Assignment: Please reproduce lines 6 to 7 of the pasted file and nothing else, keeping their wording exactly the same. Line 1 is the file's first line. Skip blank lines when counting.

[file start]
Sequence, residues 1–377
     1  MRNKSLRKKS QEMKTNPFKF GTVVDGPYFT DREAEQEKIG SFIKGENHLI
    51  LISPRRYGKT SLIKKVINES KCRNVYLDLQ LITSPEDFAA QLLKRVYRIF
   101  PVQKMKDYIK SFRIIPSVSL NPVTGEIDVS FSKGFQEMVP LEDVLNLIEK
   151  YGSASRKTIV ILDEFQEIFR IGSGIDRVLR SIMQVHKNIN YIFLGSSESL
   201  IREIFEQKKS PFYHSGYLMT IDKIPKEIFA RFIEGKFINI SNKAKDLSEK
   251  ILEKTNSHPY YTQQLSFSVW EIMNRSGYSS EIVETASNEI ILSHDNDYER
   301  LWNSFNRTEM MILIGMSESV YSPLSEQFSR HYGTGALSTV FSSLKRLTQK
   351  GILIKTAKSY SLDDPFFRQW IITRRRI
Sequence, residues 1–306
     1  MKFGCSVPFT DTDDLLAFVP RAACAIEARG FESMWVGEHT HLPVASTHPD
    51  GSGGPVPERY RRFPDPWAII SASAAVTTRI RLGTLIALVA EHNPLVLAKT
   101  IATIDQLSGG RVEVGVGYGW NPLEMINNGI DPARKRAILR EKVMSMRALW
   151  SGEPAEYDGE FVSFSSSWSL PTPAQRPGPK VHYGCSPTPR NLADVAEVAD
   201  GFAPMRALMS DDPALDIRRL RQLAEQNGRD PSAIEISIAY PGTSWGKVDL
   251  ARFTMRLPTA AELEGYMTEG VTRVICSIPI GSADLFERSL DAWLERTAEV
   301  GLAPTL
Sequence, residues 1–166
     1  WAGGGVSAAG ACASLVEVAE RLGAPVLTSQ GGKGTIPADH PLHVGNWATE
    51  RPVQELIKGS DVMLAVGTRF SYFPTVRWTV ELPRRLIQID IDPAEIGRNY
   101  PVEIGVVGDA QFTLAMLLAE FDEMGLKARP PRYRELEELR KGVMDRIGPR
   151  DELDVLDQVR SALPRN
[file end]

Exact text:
   201  IREIFEQKKS PFYHSGYLMT IDKIPKEIFA RFIEGKFINI SNKAKDLSEK
   251  ILEKTNSHPY YTQQLSFSVW EIMNRSGYSS EIVETASNEI ILSHDNDYER